Indeed, arguments from prophecy are even rarer, since they conjure up vestiges of those dubious Hal Lindsey-infused “Prophecy Conferences” that equate the antichrist with the European Union or the Democratic Party. Charismatic prophecies (centering on the exercise of the one and only spiritual gift of speaking in tongues) and futuristic prophecies (predicting the weekend of the Lord’s return) have essentially exhausted the street credibility of those presenting the biblical case for historically fulfilled prophecies. For example, few indeed are those familiar with the power of the argument for historically fulfilled prophecy based on the Product Rule19 found in statistics, or the compelling and comprehensive historical proofs from prophecy brilliantly argued by Barton Payne in his definitive magnum opus on the topic.20
John the Lawyer among the Theologians
In the Gospel of John, evidentially compelling miracles occur one after the other at the front end of the Gospel to such an extent that if John was trying to argue that faith always comes without needing any evidence, one wonders why he so meticulously records Jesus bothering to do any miracles in the first place. The proof for the miraculous is powerful support that evidence is generally the grounding for saving faith in almost every case in the Gospel of John. Contrary to so much of modern Christianity, there is no higher spiritual status for those who can believe with no evidence.
Miracle and Prophecy in the Dock in John
The miracle accounts in John establish beyond a reasonable doubt that John takes empirical evidence with the greatest of seriousness. John comes out of the chute at the very beginning of Jesus’s ministry with the sommelier’s dream miracle of turning water into a premier cru wine (John 2). Just so there is no question as to why this was being done, John provides the theological interpretation based on the empirical facts: this was done that Jesus might manifest his glory, so that the disciples would believe in him (John 2:11). John’s point is plain: It was not enough that Jesus was in fact God in the flesh and that his mere presence alone should be enough to convince; the fact of the “veiling of his deity” in the incarnation made it necessary that he prove his deity.
Immediately after Cana in chapter 2, we have Jesus exercising a smackdown of the money changers in the temple (John 2:12–25). John steps in here by saying this fulfilled the prophecy that “zeal for Thy house will consume me” (Ps. 69:9). Taking this fulfilled prophecy as proven fact flows naturally from the clear first miracle at Cana just reported in the same chapter.
We cannot resist noting that the biblical critics actually argue that John is in error with his timing of the cleansing of the temple—John has it at the front end of Jesus’ ministry while the Synoptic Gospels appear to place it at the end of Jesus’ ministry. Contradiction, it is argued!21 We only note that harmonization of each account is readily arrived at if one presumes Jesus could easily have cleansed the temple at the beginning and at the end of his ministry.22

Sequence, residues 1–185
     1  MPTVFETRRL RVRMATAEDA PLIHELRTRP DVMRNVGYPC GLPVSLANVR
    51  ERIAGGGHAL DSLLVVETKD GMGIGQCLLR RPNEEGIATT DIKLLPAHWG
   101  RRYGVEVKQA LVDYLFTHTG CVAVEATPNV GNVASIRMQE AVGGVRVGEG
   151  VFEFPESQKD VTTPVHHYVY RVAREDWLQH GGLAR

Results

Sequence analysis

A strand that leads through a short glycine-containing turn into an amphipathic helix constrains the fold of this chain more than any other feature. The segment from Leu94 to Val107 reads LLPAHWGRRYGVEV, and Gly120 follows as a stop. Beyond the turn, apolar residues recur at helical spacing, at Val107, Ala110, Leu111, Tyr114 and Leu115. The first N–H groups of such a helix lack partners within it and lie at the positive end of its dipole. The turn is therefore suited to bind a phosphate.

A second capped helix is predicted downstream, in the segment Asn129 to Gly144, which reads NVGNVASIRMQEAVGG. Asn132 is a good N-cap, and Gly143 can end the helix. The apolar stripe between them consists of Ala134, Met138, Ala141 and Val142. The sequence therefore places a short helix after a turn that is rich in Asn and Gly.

Again, and immediately after John notes the miracle and fulfilled prophecy, the Gospel writer connects miracle and prophecy when Jesus predicts his own miraculous resurrection. Here you get a proverbial “twofer” that John repeats at several points in his Gospel. The facticity of the resurrection was so compelling to the disciples that John says it was the foundation for them believing the Scripture and the words which Jesus had spoken.23 Factually verifiable miracles are essential to a factually verifiable Scripture. Nicodemus, a trial lawyer practicing before the Sanhedrin bench, even privately confessed that nobody could do the miracles Jesus was doing unless God be with him (John 3:2).
Jesus’ office as prophet is again quickly made clear with the Samaritan woman at the well (John 4) where his omniscience is plain: he knew the full scope of this woman’s Hollywoodesque serial romantic life (John 4:39). As a result of her testimony, many of the Samaritans in her village came to believe. They believed Jesus had the “living water” to give, because he had demonstrated power to tell the woman at the well “all things” that she had done and he was obviously a prophet. Similarly, many believed Jesus’ word when he healed the son of a royal official in Capernaum (John 4:46–54).
Resurrecting the Resurrection in John
As do all the Gospels, the focus in John is the Passion Week that the prophecies foretold and to which all the miracles pointed. The laser-like culmination is on the crucifixion and resurrection as the center of all of history.
In the resurrection, you get no vague Fatima-like vision of a pale, translucent Jesus dressed in the living room curtains and whose visage could also be conjured from a well-fried tortilla. Instead, you get John Updike’s “valved heart” and “rekindled amino acids”24 that confidently instruct Thomas to “put your hand here and be not unbelieving but believe.”25
The evidence is not just legally compelling (as a slew of trial lawyers have attested26), but it also directly involves prominent lawyers of that day in the middle of the facts. Thus a justice of the Jerusalem Supreme Court (the wealthy Joseph of Arimathea27) asked Pilate, at some personal risk, for permission to embalm the body and to use his own tomb for its burial (not exactly anticipating a resurrection). There at Joseph’s side at Calvary taking the body down is none other than the adept Sanhedrin trial lawyer and law professor (“Teacher of all of Israel”) Nicodemus of chapter 3 fame and infamy. Together, you can’t assemble more legal power and credibility for the witness stand. If there was any question that the disciples had gone to the wrong tomb on Easter morning, surely a justice of the Jerusalem Supreme Court, whose own personal tomb was given to Jesus Christ, would not have remained silent but would have produced the GPS coordinates to his tomb, if not personally produced the heavily embalmed body28 to shut down such pernicious speculation.